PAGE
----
By Brian T. Horowitz, Editor and Contributing WriterOLED and phone streaming were big hits in displays at CES 2016 in Las Vegas, and Dell’s new monitors with these features were among nine Innovation Awards the company earned.The company highlighted some of its honorees and how they can handle the heavy workloads of workers at a Jan. 5 press conference at CES hosted by actor Josh Brener (above, left) of the HBO show “Silicon Valley.”Dell’s new UltraSharp 30 Ultra HD 4K OLED Monitor, which the Consumer Technology Association honored in the Computer Peripherals category, will help meet the needs of users that require crisp graphics and photography.Organic light-emitting diode, or OLED, technology uses organic semiconductors to create thin light-emitting panels that differ from conventional monitors because they create their own lighting. By being thinner and smaller, they can offer sharper black levels and contrast levels. In addition to OLED technology, it features an Ultra HD 4K resolution and an ultra-fast response time of 0.1 millisecond.“It’s so beautiful, people just want to see it and reach into it,” said Kirk Schell, vice president and general manager for Dell’s commercial PC group, at a Jan. 6 press conference.“Getting that frame in front of you is very important” for workers in graphics-heavy fields, such as content creation and health care as well as for gamers, said Jeff Clarke (above, right), vice president of operations and president of Client Solutions.In addition, the USB Type-C cable allows users to connect power, video and data to another device with a single cable and stream content from a smartphone.“You’re charging, you’re connected, you’re productive, and you’re on your way,” Schell said.The UltraSharp 30 hits the market March 31 on Dell.com starting at $4,999.In addition to the UltraSharp 30, Dell introduced its first wireless monitors on the market. The monitors let users mirror content wirelessly from Windows laptops and Android phones.Both units will be available March 31. The UltraSharp 24 starts at $469, and the Dell 23 Wireless Monitor starts at $429.A 2-in-1 that’s really a 3-in-1Another Innovation Award honoree, the new Latitude 12 7000 Series UltraBook, features a Gorilla Glass display and is really a 3-in-1 unit rather than just a 2-1 because it can dock to multiple monitors, Schell said.You can latch a tablet to an UltraBook with one hand, he noted.The Latitude 12 7000 Series will be available in early February on Dell.com starting at $1,049.Latitude offers top security and a carbon-fiber designThe CTA also honored Dell in the Computer Hardware and Components category for the new Dell Latitude 13 7000 Series.“It’s the smallest 13-inch notebook in the marketplace,” Clarke said.It features a unidirectional 40-ton carbon-fiber design used in spacecraft. Security features include multi-factor authentication and compatibility with smart cards.The Latitude 13 7000 Series will be available March 8 starting at $1,299.Dell Precision mobile workstation, Latitude 12 Rugged Tablet and XPS honoreesThe Precision 15 5000 Series (5510) mobile workstation, starting at $1,399, was also honored in the Computer Hardware category and is a good fit for financial analysts, according to Clarke. Many engineers, architects and creative designers are designing products and infrastructure, as well as editing and producing video projects on the system as well.It features a PremierColor 4K InfinityEdge display with more than 8 million pixels and is able to make use of Thunderbolt technology and the Dell Thunderbolt Dock, which was announced this fall. Thunderbolt connects displays, mice and external keyboards for power users and traditional workstation clients.In addition, the CTA honored the Latitude 12 Rugged Tablet in the Tablets & E-Readers category. This ruggedized tablet, which starts at $1,849, meets the needs of workers in harsh environments, where extreme temperatures, vibrations and other variables exist. It features compression sealing to allow it to withstand exposure to sand, dust and liquids.Meanwhile, the Dell XPS 13 was an honoree last year, and at the 2016 show, the XPS 12 was honored in the Computer Hardware category. The XPS 12, starting at $999.99, uses a magnetic connection to allow users to switch easily from tablet to laptop. In addition, it’s the first 2-in-1 to feature an UltraSharp 4K Ultra HD display.With notebooks and workstations being honored at CES, it’s a sign that PCs are “far from dead,” Clarke noted.“You can’t be an end-to-end solution provider without PCs,” he said. This post originally appeared on the PowerMore web site and was written as part of the Dell Insight Partners program, which provides news and analysis about the evolving world of tech. Dell sponsored this article, but opinions are the author’s own and don’t necessarily represent Dell’s positions or strategies.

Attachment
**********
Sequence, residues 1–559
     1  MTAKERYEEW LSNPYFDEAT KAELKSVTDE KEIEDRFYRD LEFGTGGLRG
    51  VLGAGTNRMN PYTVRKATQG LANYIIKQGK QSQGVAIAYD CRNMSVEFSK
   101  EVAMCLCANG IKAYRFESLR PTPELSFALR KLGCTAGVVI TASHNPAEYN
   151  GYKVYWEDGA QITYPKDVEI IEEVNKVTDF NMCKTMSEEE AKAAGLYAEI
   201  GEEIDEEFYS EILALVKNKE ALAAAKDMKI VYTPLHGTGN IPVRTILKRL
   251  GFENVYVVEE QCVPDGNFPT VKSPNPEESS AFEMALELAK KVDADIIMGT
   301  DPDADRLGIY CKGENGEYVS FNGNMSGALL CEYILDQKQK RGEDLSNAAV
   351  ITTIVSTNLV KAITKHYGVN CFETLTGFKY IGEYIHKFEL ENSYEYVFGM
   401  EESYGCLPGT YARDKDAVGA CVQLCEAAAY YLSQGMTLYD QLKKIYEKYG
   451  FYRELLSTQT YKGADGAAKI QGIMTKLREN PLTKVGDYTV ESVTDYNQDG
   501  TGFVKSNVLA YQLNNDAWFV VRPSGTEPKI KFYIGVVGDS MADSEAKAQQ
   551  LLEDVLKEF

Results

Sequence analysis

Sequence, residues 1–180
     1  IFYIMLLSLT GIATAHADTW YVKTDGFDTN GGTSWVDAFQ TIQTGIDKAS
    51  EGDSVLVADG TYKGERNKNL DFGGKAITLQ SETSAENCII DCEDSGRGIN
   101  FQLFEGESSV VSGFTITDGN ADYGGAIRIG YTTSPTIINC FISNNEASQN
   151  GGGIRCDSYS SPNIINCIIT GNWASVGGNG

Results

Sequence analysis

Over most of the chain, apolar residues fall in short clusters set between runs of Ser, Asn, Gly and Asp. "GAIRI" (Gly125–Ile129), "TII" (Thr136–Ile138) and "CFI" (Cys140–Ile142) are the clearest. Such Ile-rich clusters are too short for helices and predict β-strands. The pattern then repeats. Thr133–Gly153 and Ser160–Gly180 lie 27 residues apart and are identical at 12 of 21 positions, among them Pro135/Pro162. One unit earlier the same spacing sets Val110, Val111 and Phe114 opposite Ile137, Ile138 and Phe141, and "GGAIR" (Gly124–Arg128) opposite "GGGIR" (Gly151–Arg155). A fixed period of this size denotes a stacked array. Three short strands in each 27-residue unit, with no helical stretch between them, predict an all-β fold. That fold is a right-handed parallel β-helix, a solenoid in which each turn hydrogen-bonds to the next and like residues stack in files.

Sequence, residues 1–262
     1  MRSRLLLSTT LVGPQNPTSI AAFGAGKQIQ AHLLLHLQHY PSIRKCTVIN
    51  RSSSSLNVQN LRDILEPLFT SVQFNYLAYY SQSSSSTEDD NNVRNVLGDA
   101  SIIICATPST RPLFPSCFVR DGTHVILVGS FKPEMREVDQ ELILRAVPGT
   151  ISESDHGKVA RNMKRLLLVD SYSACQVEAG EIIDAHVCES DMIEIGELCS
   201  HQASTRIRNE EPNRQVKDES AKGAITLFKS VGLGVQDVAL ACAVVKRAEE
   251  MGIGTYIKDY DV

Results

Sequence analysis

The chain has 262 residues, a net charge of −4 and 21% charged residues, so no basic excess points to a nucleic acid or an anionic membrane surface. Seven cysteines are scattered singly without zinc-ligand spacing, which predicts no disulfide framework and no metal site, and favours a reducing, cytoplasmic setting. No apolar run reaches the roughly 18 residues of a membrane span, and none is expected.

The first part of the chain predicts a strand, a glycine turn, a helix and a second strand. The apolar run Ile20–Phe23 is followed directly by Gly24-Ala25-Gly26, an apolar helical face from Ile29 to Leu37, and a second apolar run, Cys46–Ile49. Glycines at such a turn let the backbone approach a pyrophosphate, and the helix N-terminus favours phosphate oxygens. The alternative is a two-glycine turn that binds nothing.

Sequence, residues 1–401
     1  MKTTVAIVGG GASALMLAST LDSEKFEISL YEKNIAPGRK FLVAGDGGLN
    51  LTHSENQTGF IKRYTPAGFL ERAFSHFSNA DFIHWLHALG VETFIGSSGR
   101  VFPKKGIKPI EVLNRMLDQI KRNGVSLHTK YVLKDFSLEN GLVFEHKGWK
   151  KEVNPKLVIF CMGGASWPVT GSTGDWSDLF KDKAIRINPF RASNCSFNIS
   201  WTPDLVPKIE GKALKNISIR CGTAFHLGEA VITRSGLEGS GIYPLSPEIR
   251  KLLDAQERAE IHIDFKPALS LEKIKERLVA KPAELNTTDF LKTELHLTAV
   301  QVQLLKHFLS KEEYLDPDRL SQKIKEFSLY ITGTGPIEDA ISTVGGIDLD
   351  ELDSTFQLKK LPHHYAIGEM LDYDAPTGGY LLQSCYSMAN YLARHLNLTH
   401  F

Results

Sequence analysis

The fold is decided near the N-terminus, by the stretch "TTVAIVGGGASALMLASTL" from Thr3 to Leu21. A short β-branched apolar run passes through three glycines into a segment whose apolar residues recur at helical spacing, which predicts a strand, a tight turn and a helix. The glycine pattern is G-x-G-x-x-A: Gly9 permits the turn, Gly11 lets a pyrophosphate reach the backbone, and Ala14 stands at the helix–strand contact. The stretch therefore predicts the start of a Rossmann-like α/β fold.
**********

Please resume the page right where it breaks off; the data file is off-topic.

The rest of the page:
In March of 1965, to protest the lack of voting rights for African American citizens and violence against civil rights activists, the Southern Christian Leadership Conference (SCLC) planned a 54-mile march from Selma to Montgomery to talk to Alabama Governor George Wallace. Wallace promised he would prevent the demonstrators from marching, but despite his warnings, they set off from Selma on March 7, 1965.They made it to the Edmund Pettus Bridge before they met state troopers equipped with nightsticks and tear gas. The ensuing violence, which became known as Bloody Sunday, was broadcast on national television and prompted a condemnation of the brutality from then president Lyndon B. Johnson.Two days later, another march began, this time led by Martin Luther King, Jr. The SCLC had asked for a court order preventing the the police from stopping the march, but since it had not yet gone through, the marchers turned back at the bridge. That night, a Unitarian Universalist minister by the name of James Reeb was beaten by members of the Ku Klux Klan. He died two days later.Over the next two weeks, demonstrations took place across the country, and Johnson presented a voting rights bill to Congress. Soon after, a judge ruled that the marchers had a First Amendment right to demonstrate. Johnson federalized the National Guard and sent troops to Alabama to oversee a final march.On March 21, 300 people set off from Selma, protected by the National Guard and media attention. Over the next four days, their numbers grew, and by the time they reached Montgomery on March 25 — 50 years ago today — they were 25,000 strong.Among them was Jim Muller, class of 1965, a senior pre-med student at Notre Dame.Muller, an Indianapolis native, had not been involved in the Civil Rights Movement, but voting rights for African Americans was a prominent issue at Notre Dame. Few black students attended the University, but University President Emeritus Fr. Theodore Hesburgh was on the U.S. Civil Rights Commission, and he had imparted his vision of equality on many of his students.Muller said Reeb’s murder spurred him to action.“We were all horrified that a minister would be beaten to death just because he was helping a minority group get voting rights,” Muller said. “So a call went out from the march for people to join them, and that’s what I heard.”Muller took a bus from South Bend to Indianapolis, where he, his brother John, class of 1969, and his sister Joanne, a student at Maryville Catholic College, headed to the Greyhound bus station. There, they received a crash course on nonviolent civil disobedience.“The trainer said, you might get attacked by dogs and beaten, and the best thing for you to do is get in a pile,” Muller said “That way, only the people on the outside of the pile will be bitten by dogs.”The bus traveled through the night, arriving at the City of St. Jude on the outskirts of Montgomery on March 25. Having been told to dress properly, Muller and his siblings donned dapper apparel.Thousands of people filled the City of St. Jude’s athletic field, preparing for the final march to the governor’s mansion. National guardsmen ringed the edges. Muller said he remembered looking up into a sky full of helicopters. Muller said in spite of the National Guard’s protective presence and the media’s close coverage, he did not feel entirely safe.“I felt there was some risk involved, but people do many things with risk when there’s a benefit to doing it,” he said. “So I accepted that risk, but I was a little afraid.”It helped, Muller said, to see King a ways away, conferring with the other march leaders. He also saw a group of young African American girls, unafraid, singing “Ain’t Scared of Your Jails.”“I thought, if those girls are doing this, then I shouldn’t be afraid,” he said. “That helped me as we walked down the street that day with lines of guardsmen with guns.”The crowd marched from the field to the state Capitol building, where King gave his “How Long, Not Long” speech. They then marched to the governor’s mansion to deliver a petition to Alabama Governor George Wallace.After that, the Muller siblings boarded a bus, and Jim Muller was back at Notre Dame by the morning of March 26.“I think [my classmates] were glad that we went,” he said. “They were glad that Notre Dame was represented.”During the summer of 1965, the Voting Rights Act that Johnson had proposed in March was passed, though voter registration remained difficult.“We were exposed to some danger, but the good part was that the march led to voting rights, and that changed many, many things and gave a voice to African Americans in the South in the political process,” Muller said.Muller had no further involvement in the Civil Rights Movement after that last leg of the final Selma march. Even so, Muller said the same concern for social justice that led him to board the bus to Selma motivated him years later to campaign against nuclear war — and win a Nobel Peace Prize.Muller had studied Russian at Notre Dame, and at John Hopkins Medical School, he became more aware of the possibility of nuclear war between the United States and the Soviet Union. In 1980, he and several other Soviet and American doctors formed the International Physicians for the Prevention of Nuclear War, which worked to educate governments and the public about the impact of a nuclear war.“If one side loses 10 million people and the other side loses 20 million, then the side that loses 10 million is the winner,” Muller said. “That was policy, that if necessary, we would fight a nuclear war and win it. The way the medical story came into play was, we tried to help people by helping the public and the Pentagon planners understand just what 10 million deaths would look like.”The organization, and Muller through it, won the 1985 Peace Prize. Over the next several decades, Muller also started Voices of Faith, a Catholic discussion group born from outrage over priest sexual abuse scandals. A cardiologist, Muller also started a company, Infraredx, which manufacturers spectrometry systems to identify plaques that might cause heart attacks.“I have chosen to help with other large social problems,” he said. “The way I’ve put it, I’ve had the privilege of working against nuclear war, child abuse by priests and heart attacks. Those targets are things that are good to work against, and they’re motivating, and I’ve had the privilege of working with a lot of good people on those projects.”Tags: Jim Muller, Martin Luther King, Selma, Selma march